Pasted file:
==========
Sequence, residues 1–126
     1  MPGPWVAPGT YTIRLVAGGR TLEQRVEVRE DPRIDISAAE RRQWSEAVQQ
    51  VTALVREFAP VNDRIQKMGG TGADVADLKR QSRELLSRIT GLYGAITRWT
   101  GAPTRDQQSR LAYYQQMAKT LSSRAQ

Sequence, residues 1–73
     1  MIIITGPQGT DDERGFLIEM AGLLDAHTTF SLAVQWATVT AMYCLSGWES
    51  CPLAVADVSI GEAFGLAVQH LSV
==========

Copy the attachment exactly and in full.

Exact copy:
Sequence, residues 1–126
     1  MPGPWVAPGT YTIRLVAGGR TLEQRVEVRE DPRIDISAAE RRQWSEAVQQ
    51  VTALVREFAP VNDRIQKMGG TGADVADLKR QSRELLSRIT GLYGAITRWT
   101  GAPTRDQQSR LAYYQQMAKT LSSRAQ

Sequence, residues 1–73
     1  MIIITGPQGT DDERGFLIEM AGLLDAHTTF SLAVQWATVT AMYCLSGWES
    51  CPLAVADVSI GEAFGLAVQH LSV